Disturbing Lack of Diversity:  President Trump’s lack of commitment to diversity on the federal judiciary is deeply disturbing.  Mr. Brown, like the vast majority of the president’s judicial nominees, is a white male.  President Trump has appointed the least diverse group of nominees in decades.[17]  Of his 45 appellate nominations, none are African-American.  None are Latino.  Only nine are women.  His district court nominees are also predominately white and male.  Our nation’s great diversity should be reflected in its government institutions, especially the federal judiciary, which serves as the guardian of our rights and liberties.  At a time when the legal profession has more women and attorneys of color than ever before, President Trump’s record on judicial diversity is truly appalling.

For the foregoing reasons, The Leadership Conference urges you to oppose the confirmation of Jeffrey Brown for the U.S. District Court for the Southern District of Texas.  Thank you for your consideration of our views.  If you have any questions or would like to discuss this matter further, please contact Mike Zubrensky, Chief Counsel, at (202) 466-3311.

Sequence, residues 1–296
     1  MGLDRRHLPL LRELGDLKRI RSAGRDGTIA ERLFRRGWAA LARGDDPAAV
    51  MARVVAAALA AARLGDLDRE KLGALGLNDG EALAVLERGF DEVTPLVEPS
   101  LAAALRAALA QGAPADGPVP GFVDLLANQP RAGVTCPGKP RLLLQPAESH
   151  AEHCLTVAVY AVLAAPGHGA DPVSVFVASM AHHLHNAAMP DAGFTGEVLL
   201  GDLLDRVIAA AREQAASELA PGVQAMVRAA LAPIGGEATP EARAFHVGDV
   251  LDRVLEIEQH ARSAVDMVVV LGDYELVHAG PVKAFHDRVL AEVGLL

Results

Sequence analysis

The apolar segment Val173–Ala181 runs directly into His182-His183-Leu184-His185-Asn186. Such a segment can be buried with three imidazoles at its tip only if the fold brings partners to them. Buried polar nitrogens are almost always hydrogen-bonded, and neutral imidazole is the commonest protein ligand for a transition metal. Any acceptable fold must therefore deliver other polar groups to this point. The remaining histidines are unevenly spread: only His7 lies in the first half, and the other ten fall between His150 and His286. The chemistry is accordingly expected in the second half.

Vanita Gupta
President & CEO




[4] Chelsea Henderson, “Brown: Texas at mercy of SCOTUS rulings,” Port Arthur News. Aug. 4, 2015.

[5] Id.

[6] Jeffrey Brown, Questions for the Record, April 17, 2019.

[7] Id.

[8] Id.

[9] Jeffrey Brown, “Conservative Judging and the Constitution,” Golden Corridor Republican Women, Oct. 3, 2017.

[10] Id.

[11] Jeffrey Brown, Questions for the Record, April 17, 2019.

[12] https://www.c-span.org/event/?449706/senators-press-supreme-court-nominee-record-spar-documents.

[13] Jeffrey Brown, Keynote Address, Brazoria County Republican Party Lincoln-Reagan Dinner, Feb. 10, 2018.

[14] Id.

[15] Id.

[16] Id.

[17] https://www.usatoday.com/story/news/politics/2018/02/13/trumps-87-picks-federal-judges-92-white-just-one-black-and-one-hispanic-nominee/333088002/.